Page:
When little human children start to speak they begin by babbling in gibberish and then learn to speak real words – often from the time they are between six and 14 months old. Could a humanoid robot be programmed to “learn” in a similar fashion?
A team of cutting-edge UK researchers from the University of Hertfordshire wanted to see if a humanoid robot could be taught to speak words this way, according to a report from Discovery News. So they programmed the iCub robot – named DeeChee – with syllables that are found in English – which total about 40,000.
The three-foot robot took part in dialogues that lasted some eight minutes and involved some 34 different people. DeeChee listened, spoke and also detected positive feedback from the people when it repeated any of the syllables and words that were uttered to it. DeeChee repeated syllables it heard, and after the repetition the robot recognized encouragement from the people and then paid more attention to syllables that came before any praise – following a path seen by human babies learning to speak. The researchers said DeeChee spoke real words more than random syllables after the learning sessions.
"This work shows the potential of human-robot interaction systems in studies of the dynamics of early language acquisition," Caroline Lyon, a University of Hertfordshire computer scientist, said in the article on the Adaptive Systems Research Group study that was recently published in PLoS ONE.
“In our experiments some salient one-syllable word forms are learnt by a humanoid robot in real-time interactions with naive participants,” the article says. “Words emerge from random syllabic babble through a learning process based on a dialogue between the robot and the human participant, whose speech is perceived by the robot as a stream of phonemes… We observe that salient content words are more likely than function words to have consistent canonical representations; thus their relative frequency increases, as does their influence on the learner… Word forms are usually produced by the robot after a few minutes of dialogue, employing a simple, real-time, frequency dependent mechanism.”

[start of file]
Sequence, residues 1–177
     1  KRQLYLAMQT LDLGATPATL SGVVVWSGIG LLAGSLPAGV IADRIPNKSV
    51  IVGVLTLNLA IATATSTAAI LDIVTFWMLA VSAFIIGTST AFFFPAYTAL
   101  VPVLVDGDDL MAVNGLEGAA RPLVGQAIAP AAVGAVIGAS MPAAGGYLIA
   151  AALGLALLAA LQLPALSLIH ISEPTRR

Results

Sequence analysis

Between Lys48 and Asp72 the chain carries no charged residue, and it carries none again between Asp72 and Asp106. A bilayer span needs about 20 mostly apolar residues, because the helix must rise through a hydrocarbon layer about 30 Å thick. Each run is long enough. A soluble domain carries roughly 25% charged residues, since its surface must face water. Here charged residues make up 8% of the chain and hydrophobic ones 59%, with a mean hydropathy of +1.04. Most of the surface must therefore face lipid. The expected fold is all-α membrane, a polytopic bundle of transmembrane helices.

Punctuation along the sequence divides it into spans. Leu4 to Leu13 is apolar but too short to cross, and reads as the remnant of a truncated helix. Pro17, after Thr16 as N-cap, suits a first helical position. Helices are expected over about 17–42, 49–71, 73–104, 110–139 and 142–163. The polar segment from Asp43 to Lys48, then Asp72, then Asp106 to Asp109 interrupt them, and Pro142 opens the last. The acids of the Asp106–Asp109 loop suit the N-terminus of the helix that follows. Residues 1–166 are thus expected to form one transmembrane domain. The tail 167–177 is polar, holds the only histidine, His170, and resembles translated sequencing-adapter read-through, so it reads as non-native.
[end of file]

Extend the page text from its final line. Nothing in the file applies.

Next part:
In another recent study, Lola Cañamero at the University of Hertfordshire worked with other researchers to come up with prototype robots capable of developing emotions as they interacted with human caregivers and expressed a range of emotions. The robots can express anger, fear, sadness, happiness, excitement and pride, according to the university research.
“They are programmed to learn to adapt to the actions and mood of their human caregivers, and to become particularly attached to an individual who interacts with the robot in a way that is particularly suited to its personality profile and learning needs,” according to a university statement. “The more they interact, and are given the appropriate feedback and level of engagement from the human caregiver, the stronger the bond developed and the amount learned.”
In a related matter, the University of Hertfordshire was awarded Entrepreneurial University of the Year 2010 award by Times Higher Education (THE), according to SDNzone.
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Edited by Brooke Neuman